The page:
My first encounter with J.S. Bach was a musical snatching out of the depths – a retrieval from that atonal and dissonant noise of Marxist theory and covert revolutionary instruction.  That highest creed in the university is that there is no other truth that what I may have in the mental constructs of my own scull, and even that ought not be trusted.  Or in Kant’s words that we can never directly know the noumena, the "things-in-themselves," but only that dim construction or representations in our heads.  Therefore ‘reality’ is relegated within the thrashing inner recesses of the individualized consciousness. 

Hearing Bach is a musical and poetic encounter with truth.  Those Brandenburg concertos, along with Goldberg Variations and the unfinished Art of Fugue(my favorite), though considered outside of his sacred works, are very much sacred pieces.  The idea of a secular work for Bach would have been inconceivable for countless reasons, one particularly unambiguous bit of evidence being that he appended his initials with “SDG,” or “Soli Deo Gloria,” “to the glory of God alone.”  Bach, being a genius steward of that gift of music, knew musics’ origin, its high purpose, and the ultimate chief musician God himself.  When music is received and directed toward that goal; to the glory of God alone, notation will be moved away from that timid and confused inner Kantian consciousness toward that bold confession of God as creator, preserver, and sanctifier – seen, heard, and apprehended not as mirage but in flesh - that confession of Christ in the three ecumenical creeds.  Music will be speaking back to God from what He himself has first spoken.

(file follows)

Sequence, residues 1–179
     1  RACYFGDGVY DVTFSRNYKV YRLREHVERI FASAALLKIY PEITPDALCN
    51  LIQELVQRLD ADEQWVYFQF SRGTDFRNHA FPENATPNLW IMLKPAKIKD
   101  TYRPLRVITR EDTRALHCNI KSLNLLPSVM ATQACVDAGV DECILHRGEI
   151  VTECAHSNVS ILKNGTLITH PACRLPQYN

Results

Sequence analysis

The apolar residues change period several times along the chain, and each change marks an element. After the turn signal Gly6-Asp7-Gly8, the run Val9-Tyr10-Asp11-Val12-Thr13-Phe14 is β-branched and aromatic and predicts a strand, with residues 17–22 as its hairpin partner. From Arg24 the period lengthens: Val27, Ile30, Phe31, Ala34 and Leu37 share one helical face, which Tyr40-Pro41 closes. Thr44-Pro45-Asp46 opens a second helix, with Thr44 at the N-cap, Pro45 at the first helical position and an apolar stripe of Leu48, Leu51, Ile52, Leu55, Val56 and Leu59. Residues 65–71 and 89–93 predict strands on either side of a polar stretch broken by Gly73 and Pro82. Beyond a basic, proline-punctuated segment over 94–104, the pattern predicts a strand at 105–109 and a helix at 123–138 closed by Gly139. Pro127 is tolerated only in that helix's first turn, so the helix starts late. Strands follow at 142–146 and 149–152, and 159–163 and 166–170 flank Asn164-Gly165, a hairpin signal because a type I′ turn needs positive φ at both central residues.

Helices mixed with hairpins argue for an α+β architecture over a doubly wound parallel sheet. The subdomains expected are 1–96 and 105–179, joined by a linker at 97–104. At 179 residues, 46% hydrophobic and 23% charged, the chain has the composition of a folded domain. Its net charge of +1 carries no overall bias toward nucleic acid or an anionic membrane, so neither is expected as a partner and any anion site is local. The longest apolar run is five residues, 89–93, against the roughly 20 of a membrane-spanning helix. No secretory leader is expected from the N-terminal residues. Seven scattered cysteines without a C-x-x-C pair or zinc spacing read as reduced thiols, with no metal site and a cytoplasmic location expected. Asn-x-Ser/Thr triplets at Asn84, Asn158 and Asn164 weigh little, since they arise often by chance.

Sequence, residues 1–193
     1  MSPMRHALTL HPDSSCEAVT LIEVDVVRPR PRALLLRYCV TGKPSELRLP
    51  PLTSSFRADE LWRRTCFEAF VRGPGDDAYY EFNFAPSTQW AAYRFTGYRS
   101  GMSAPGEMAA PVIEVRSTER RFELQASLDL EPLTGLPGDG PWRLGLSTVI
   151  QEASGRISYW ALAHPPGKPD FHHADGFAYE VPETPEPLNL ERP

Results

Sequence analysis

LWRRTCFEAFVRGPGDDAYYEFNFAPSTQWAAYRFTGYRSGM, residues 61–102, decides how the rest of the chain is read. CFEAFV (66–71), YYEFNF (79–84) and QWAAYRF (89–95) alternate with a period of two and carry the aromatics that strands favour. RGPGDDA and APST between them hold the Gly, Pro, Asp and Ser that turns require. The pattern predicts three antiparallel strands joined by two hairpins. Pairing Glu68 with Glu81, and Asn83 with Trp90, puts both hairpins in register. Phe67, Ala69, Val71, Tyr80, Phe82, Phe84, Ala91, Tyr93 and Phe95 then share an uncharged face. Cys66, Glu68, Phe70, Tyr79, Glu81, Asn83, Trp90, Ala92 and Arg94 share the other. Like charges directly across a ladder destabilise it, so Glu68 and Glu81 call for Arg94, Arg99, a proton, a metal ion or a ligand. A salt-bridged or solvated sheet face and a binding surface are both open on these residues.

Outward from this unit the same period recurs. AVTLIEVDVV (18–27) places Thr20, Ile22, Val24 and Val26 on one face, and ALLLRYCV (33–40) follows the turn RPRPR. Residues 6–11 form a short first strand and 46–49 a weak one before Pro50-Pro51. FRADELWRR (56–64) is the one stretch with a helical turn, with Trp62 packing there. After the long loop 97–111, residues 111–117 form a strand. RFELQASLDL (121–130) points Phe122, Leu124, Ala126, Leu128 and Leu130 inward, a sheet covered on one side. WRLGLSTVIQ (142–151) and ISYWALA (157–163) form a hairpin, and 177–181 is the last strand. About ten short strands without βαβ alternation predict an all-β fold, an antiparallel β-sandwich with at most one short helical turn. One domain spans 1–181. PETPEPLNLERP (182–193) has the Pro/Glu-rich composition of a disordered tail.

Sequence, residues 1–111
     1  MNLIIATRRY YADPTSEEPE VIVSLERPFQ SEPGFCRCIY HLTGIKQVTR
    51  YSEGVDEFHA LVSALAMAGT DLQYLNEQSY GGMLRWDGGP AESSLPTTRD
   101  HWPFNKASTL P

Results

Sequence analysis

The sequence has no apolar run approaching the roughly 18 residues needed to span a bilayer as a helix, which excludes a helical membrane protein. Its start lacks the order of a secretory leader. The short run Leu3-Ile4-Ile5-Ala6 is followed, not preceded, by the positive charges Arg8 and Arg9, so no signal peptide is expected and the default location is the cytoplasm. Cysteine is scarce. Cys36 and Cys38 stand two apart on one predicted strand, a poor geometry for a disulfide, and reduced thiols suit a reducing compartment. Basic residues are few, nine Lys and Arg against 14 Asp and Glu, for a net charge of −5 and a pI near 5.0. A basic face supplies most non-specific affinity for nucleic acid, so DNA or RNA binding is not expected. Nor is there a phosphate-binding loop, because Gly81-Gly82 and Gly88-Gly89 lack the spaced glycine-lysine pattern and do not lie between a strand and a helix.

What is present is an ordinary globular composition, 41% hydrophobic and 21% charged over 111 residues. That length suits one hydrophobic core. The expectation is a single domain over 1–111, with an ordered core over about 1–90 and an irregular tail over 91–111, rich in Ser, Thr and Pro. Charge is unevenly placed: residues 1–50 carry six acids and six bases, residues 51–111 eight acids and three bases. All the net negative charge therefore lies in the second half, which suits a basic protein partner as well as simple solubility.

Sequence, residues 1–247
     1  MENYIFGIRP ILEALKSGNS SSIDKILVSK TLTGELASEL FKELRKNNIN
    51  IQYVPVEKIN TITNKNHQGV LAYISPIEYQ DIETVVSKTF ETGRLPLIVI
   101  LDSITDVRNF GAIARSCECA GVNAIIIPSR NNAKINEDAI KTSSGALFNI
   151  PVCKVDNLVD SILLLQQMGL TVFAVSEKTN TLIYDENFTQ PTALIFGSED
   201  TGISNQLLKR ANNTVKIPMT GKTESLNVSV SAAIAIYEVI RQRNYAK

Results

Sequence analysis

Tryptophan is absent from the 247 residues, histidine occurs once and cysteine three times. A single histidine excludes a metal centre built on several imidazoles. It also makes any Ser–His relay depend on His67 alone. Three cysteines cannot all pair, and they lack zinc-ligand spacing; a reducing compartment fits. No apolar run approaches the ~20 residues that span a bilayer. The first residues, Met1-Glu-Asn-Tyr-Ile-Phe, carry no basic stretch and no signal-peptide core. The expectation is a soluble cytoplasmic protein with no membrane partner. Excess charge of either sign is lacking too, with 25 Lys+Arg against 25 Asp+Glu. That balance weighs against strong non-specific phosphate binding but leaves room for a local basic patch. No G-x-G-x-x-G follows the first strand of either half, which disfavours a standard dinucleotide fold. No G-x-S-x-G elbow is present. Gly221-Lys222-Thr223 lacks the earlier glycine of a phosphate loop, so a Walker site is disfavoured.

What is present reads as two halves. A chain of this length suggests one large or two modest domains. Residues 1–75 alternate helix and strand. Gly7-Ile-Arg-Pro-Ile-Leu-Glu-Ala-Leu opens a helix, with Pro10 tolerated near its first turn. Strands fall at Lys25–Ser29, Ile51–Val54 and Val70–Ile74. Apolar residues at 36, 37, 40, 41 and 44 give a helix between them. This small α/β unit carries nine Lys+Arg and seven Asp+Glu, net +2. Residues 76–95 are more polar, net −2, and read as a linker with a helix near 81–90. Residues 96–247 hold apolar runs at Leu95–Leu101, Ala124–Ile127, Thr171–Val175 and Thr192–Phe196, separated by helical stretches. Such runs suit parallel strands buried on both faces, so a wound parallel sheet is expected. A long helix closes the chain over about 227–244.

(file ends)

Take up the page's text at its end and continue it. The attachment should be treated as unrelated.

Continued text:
In this way, the music of Bach is an antidote against being cast into a world of subjectivity, inward retreat, and denial.  One of our country’s “leading” universities Berkley University was founded in celebration of George Berkeley, who called into question the very existence of matter itself, reviving that confused Jewish/Kaballah truth-hating maxim “nothingness without end.”

This sacred music of J.S. Bach provides rest and recreation for the soul.  He safeguards the human mind and soul from philosophical and ontological perversions because he preaches in that sacred language known from the beginning of time, that speaks of God in Jesus Christ and His self-giving to all creation – poured out for all.  It rescues us from that inward retreat (incurvatus est) – “that nothingness without end” – away from speculation – into that chorale dance that begins when God speaks and the human creature hears and responds.          
              

[1] Wolff, Christoph. Johann Sebastian Bach. W. W. Norton & Company, 2001. 9. Print.